George Clooney Calls Fatal ‘Rust’ Shooting ‘Insane’ and ‘Infuriating’

The actor spoke about friends Brandon Lee and Jon-Erik Hexum, who also died in accidental shootings on sets

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George Clooney gave his perspective on the fatal shooting of “Rust” cinematographer Halyna Hutchins, calling the incident “insane” and “infuriating.”

In an appearance on the podcast “WTF with Marc Maron,” the Oscar-winning filmmaker described the shooting – in which “Rust” star and producer Alec Baldwin accidentally fired a prop gun, killing Hutchins and injuring director Joel Souza – as “a terrible accident.”

Clooney drew from his own numerous experiences with productions that use firearms when he expressed disbelief at what happened on the set of “Rust.”

“I’ve been on sets for 40 years and the person that hands you the gun, the person who is responsible for the gun, is either the prop person or the armorer. Period,” the 60-year-old said.

He detailed the strict protocols outlined for the handling of firearms on sets. “Every single time I’m handed a gun on the set — every time — they hand me a gun, I look at it, I open it, I show it to the person I’m pointing it too, I show it to the crew,” he said. “Every single take.” Afterwards, “You hand it back to the armor when you’re done.”

Later, he elaborated on how he personally inspects the gun before every take. “I mean every time I get handed a six-gun” – a gun that holds six cartridges – “you point it at the ground and you squeeze it six times,” Clooney added, because it would be “just insane” not to.

Clooney said that “what happened to Brandon [Lee]” is part of the reason he and others exercise extreme caution around on-set weapons. In 1993, the actor and son of Bruce Lee died when his co-star shot him with a gun loaded with blanks. Unbeknownst to him, a metal bullet fragment was also lodged inside the gun. The tragedy was caused by the negligence of weapon handlers on the set, or as Clooney put it, “a series of stupid things that happened.”

On the podcast, he also discussed the death of another friend, Jon-Erik Hexum, who in 1984 shot himself on the set of the television show “Cover Up.” Unaware that the gun was loaded with blanks, he held the gun to his head as a joke and died later of internal bleeding.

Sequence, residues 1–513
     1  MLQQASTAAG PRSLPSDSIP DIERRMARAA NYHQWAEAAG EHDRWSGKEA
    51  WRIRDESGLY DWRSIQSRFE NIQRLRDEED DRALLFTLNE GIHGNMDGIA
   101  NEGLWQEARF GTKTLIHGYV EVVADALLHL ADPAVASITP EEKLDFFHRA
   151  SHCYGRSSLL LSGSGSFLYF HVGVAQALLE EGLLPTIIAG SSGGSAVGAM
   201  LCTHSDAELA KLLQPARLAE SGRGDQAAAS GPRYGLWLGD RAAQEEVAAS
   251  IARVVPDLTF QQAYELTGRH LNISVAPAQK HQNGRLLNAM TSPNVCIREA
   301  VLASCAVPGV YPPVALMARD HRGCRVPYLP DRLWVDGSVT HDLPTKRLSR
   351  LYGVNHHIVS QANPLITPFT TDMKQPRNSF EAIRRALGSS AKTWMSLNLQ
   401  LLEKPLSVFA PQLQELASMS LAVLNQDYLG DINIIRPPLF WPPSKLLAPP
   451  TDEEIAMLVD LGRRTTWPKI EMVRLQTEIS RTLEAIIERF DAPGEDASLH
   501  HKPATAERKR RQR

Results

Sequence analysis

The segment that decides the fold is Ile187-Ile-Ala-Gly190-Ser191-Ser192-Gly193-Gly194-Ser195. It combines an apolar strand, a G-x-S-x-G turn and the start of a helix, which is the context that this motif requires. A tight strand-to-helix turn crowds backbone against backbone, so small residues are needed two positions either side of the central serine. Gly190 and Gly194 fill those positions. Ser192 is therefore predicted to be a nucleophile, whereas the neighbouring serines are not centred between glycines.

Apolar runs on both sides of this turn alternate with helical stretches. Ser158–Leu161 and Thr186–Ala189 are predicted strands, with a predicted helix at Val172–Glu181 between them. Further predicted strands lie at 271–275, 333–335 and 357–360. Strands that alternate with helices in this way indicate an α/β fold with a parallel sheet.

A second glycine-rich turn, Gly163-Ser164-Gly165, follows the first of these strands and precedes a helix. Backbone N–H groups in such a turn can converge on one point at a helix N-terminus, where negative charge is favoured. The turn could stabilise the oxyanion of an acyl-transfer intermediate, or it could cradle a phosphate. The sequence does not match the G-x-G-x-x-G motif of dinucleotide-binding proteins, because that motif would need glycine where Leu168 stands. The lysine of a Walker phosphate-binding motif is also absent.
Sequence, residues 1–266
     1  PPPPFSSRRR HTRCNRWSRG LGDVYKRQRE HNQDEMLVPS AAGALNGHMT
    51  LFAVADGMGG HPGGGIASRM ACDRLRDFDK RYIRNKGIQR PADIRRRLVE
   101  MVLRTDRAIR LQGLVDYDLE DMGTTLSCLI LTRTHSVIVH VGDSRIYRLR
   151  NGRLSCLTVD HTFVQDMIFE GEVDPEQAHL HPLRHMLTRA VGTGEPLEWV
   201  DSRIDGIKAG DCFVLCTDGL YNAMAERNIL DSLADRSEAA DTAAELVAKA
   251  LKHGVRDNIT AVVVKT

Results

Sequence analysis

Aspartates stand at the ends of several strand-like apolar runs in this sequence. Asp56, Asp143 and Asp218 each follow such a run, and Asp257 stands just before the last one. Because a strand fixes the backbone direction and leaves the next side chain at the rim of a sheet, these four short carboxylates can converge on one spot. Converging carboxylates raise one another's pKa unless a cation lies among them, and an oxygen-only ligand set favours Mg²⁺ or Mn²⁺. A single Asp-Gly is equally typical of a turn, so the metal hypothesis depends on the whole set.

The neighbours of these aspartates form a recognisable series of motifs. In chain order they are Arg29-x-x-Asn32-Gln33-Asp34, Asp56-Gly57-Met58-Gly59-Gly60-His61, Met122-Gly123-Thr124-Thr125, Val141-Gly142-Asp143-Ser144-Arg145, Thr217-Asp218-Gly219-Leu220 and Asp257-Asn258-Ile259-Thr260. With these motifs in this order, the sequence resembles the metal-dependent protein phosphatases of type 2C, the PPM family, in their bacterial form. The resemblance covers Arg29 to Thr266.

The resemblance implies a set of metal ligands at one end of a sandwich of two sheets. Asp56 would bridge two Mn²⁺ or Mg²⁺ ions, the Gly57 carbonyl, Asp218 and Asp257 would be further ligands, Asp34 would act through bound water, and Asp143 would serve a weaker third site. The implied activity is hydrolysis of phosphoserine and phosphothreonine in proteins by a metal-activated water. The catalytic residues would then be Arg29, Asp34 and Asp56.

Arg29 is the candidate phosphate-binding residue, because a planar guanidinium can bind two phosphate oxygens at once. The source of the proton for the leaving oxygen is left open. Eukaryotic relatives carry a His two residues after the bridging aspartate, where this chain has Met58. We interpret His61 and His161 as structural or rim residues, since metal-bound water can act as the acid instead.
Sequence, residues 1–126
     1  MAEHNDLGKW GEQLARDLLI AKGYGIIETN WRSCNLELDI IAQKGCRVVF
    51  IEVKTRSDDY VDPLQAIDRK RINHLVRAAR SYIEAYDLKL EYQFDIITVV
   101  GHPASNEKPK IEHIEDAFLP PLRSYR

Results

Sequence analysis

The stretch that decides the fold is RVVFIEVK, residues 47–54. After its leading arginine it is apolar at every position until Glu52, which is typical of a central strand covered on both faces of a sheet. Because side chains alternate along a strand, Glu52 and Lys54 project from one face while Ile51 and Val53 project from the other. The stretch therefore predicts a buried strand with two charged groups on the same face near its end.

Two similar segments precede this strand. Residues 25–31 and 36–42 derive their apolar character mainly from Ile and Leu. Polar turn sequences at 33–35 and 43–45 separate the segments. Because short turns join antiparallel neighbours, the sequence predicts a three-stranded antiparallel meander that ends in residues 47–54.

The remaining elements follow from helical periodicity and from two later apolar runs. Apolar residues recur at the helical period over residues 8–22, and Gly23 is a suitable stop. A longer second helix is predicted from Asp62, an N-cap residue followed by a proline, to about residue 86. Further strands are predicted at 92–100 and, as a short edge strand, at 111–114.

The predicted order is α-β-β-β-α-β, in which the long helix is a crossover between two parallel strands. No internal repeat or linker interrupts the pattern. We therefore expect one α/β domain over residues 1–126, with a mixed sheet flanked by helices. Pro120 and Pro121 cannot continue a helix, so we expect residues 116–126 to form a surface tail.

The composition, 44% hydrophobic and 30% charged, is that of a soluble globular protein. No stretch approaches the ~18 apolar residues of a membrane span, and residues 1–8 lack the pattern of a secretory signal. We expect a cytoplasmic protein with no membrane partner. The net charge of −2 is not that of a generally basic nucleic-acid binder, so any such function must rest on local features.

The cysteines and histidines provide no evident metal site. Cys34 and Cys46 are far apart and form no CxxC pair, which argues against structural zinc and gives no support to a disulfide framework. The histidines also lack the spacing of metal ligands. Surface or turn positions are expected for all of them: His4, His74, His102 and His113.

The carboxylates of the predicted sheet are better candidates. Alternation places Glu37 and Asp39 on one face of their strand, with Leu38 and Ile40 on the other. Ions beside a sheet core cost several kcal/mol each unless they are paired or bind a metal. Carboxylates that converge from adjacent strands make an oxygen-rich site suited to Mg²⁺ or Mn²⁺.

Noting that he doesn’t know Baldwin very well and that he does not believe anyone intended to cause harm, Clooney criticized the production company for “skimping” on hiring qualified weapons handlers for the indie film.

“A 24-year-old person shouldn’t probably, with that little experience, be heading up a department with the guns and bullets,” he said of Hannah Gutierrez-Reed, the film’s armorer.

He said for he didn’t understand “Why for the life of me this low-budget film with producers that haven’t produced anything wouldn’t have hired for the armorer someone with experience.”

Clooney then weighed in on the accusations that have been leveled against Baldwin, Gutierrez-Reed and first AD Dave Halls – who allegedly yelled “Cold gun!” before Baldwin picked up the firearm, thinking it was safe to use.

“I’ve never heard the term ‘cold gun,’” Clooney said. “I’ve never heard that term. Literally. They’re just talking about stuff I’ve never heard of. It’s just infuriating.”

The Santa Fe Sheriff’s investigation into the shooting is ongoing. Multiple lawsuits have been filed against the film’s producers and crew members involved in the incident.

Clooney says he hopes that the fallout of the tragedy changes the way weapons are handled on sets.

“After Brandon died, it really became a very clear thing of: Open the gun. Look down the barrel. Look in the cylinder. Make sure,” he said. ” … It’s a series of tragedies, but also a lot of mistakes. A lot of stupid mistakes.”